Hydrogen or Synthetic Fossil Fuels?


Every few years within the energy sector, a new 'entrepreneur' emerges with a supposedly 'revolutionary' idea that often turns out to be nothing more than a repackaging of an old concept that failed to gain traction. The latest contender for this title is 'the hydrogen economy'.

My scepticism stems from the physical characteristics of hydrogen gas. While all technologies experience learning curves and adhere to an equivalence of Moore’s Law, which revolutionised the semiconductor industry, it is important to remember that ultimately, learning curves are constrained by the laws of physics. This is why internal combustion engines haven’t significantly improved in fuel efficiency in over 40 years, why the supersonic concorde was never economically viable and why certain sceptics argue that battery electrical vehicles might not see mass adaptation for the middle income groups.

One simply cannot squeeze blood out of a rock.

The S-curve, bound by physical constraints, explains why politicians cannot simply lower the price of electricity, and why decarbonization poses a significantly greater challenge than the environmental advocates typically recognize.

These are not “limits to growth”, they are rather limits to what a particular technology can achieve and why we should look elsewhere for innovation. It’s my belief that economic bubbles are likely to occur when investors fail to grasp that technologies eventually reach a plateau when their learning curves approach their physical limits.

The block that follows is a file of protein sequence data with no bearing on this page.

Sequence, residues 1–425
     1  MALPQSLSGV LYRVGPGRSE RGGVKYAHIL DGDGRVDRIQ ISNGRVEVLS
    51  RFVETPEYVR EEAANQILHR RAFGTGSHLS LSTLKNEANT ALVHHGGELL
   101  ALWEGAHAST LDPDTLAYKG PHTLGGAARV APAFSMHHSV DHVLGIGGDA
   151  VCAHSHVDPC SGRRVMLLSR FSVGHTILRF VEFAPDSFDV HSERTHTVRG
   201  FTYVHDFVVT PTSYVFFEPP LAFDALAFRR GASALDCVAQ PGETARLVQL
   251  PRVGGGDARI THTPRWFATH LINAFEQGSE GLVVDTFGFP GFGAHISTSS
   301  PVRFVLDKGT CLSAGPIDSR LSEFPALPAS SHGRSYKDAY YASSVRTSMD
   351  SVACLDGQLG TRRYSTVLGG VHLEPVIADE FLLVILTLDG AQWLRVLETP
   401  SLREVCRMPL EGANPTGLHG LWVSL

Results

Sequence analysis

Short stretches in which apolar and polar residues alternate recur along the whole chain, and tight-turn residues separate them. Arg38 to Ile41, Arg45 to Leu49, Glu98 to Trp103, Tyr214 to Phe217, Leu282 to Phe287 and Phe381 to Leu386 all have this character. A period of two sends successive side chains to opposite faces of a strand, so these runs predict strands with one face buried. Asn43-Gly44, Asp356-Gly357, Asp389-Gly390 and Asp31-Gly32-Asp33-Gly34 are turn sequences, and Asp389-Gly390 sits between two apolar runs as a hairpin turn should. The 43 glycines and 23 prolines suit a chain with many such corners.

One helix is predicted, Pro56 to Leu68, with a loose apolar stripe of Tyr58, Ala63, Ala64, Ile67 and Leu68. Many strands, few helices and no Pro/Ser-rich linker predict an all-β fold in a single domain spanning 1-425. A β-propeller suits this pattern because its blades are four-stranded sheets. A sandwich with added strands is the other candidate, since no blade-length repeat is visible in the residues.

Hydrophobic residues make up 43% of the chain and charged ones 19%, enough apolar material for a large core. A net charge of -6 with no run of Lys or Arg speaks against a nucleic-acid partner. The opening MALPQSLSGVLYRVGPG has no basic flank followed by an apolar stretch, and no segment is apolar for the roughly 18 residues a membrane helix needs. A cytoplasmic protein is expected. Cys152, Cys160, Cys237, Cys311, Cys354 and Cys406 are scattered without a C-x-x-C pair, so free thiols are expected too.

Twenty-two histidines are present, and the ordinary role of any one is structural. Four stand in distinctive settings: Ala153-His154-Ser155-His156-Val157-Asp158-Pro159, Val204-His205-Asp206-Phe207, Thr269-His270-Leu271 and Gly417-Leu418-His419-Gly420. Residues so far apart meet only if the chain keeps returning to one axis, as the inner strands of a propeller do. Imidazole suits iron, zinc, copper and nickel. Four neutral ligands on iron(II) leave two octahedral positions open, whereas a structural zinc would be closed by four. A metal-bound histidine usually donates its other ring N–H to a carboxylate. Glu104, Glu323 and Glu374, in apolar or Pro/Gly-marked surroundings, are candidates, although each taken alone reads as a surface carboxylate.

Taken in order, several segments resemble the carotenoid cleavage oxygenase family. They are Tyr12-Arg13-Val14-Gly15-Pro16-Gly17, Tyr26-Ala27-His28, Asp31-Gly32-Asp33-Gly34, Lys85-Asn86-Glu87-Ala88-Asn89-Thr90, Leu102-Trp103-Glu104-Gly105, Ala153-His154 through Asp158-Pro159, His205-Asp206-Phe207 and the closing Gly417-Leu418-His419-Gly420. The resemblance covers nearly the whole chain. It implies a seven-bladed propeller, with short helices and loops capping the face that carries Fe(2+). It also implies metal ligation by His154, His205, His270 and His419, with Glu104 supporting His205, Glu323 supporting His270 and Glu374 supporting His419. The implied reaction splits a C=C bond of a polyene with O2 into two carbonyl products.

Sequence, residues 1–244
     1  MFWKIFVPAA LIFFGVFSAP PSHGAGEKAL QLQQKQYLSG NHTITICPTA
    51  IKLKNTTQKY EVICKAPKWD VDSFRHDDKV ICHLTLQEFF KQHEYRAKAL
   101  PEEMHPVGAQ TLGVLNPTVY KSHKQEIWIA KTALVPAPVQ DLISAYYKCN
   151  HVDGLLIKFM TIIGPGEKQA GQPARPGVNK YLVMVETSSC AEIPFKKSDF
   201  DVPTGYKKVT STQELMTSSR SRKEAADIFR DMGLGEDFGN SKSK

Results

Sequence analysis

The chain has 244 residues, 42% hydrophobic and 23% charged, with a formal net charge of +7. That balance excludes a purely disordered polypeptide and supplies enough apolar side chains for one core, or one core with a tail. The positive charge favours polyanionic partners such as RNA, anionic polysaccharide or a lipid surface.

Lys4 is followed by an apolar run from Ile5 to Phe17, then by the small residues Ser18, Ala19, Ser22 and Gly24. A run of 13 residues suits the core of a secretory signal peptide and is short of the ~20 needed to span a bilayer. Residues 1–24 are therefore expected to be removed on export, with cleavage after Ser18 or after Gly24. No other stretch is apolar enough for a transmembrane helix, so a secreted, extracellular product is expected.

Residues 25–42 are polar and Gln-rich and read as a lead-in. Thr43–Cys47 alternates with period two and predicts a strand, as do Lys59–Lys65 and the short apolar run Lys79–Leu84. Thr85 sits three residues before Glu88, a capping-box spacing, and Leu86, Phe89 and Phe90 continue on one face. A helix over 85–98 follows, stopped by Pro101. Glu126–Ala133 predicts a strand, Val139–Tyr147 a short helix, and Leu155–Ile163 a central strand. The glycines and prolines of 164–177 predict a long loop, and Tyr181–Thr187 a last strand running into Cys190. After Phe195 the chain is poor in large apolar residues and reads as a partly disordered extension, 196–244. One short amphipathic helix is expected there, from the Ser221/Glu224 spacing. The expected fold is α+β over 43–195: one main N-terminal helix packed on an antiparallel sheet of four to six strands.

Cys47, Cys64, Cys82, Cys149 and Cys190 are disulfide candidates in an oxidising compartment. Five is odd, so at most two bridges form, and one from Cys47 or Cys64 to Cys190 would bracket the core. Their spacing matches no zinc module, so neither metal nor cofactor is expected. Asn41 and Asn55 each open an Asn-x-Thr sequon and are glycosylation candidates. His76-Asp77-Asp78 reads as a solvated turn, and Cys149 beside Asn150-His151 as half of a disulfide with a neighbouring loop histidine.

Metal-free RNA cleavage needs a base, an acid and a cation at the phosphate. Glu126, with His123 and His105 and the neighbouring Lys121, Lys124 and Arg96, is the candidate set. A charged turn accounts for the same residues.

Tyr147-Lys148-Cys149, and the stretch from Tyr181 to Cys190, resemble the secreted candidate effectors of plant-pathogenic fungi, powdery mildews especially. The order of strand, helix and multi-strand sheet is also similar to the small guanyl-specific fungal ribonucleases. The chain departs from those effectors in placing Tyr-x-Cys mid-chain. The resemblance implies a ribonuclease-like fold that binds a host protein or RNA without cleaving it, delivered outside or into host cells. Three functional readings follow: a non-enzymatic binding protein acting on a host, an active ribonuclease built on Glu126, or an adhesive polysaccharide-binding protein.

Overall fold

Below, I'll explain why I doubt that hydrogen will be able to perform in the long run when compared to synthetic fossil fuels - that share the same physical properties as traditional fossil fuels. Synthetic fuels do require hydrogen production, with the advantage that hydrogen is consumed where it is produced. Therefore, all additional infrastructure adaptation and transportation challenges will be prevented.

If we are genuinely committed to effectively utilising the surplus power generated from renewable electricity sources, I believe one viable option is to invest in the creation of synthetic fuels to supplant traditional fossil fuels. While renewable energy boasts the advantage of having no associated fuel costs, its drawback lies in its high coefficient of variation , necessitating capacity overbuilding as is currently the case in Germany. Despite this overbuilt renewables have a second challenge, which is reliability during periods of no wind or no sun, known as Dunkelflaute. It is the reason why the Germans have not yet managed to shut down their fossil fuel plants, simply because they are necessary to firm the electricity supply.

Read the rest of this piece at Hügo's Newsletter.

Hügo Krüger is a South African born Structural/Nuclear Engineer, writer and YouTube podcaster, commentating on topics relating to Energy and Geopolitical Matters, Hügo is married to an Iranian born Mathematician and Artist; the couple resides in Paris.

Photo: Joseph Brent, via Flickr under CC 2.0 License.